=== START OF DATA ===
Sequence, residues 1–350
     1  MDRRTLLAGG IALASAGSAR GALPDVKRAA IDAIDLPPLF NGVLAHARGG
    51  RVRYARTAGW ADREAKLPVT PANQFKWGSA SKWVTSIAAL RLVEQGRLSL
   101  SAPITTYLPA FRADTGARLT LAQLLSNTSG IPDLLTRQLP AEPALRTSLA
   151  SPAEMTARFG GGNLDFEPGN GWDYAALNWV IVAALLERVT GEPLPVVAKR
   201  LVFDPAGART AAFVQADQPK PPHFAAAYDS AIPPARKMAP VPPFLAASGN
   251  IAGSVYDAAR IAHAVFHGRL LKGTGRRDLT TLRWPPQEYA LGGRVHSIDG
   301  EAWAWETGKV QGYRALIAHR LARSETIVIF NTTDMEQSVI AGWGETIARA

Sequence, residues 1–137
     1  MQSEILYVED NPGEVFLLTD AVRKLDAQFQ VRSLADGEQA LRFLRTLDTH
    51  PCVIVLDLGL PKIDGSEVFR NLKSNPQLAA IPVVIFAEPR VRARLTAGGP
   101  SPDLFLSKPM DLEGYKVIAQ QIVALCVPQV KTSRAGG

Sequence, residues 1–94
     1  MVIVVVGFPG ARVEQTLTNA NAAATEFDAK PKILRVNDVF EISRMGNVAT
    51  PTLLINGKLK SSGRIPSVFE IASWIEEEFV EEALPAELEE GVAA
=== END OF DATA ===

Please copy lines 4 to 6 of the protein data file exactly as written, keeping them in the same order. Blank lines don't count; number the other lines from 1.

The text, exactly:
   101  SAPITTYLPA FRADTGARLT LAQLLSNTSG IPDLLTRQLP AEPALRTSLA
   151  SPAEMTARFG GGNLDFEPGN GWDYAALNWV IVAALLERVT GEPLPVVAKR
   201  LVFDPAGART AAFVQADQPK PPHFAAAYDS AIPPARKMAP VPPFLAASGN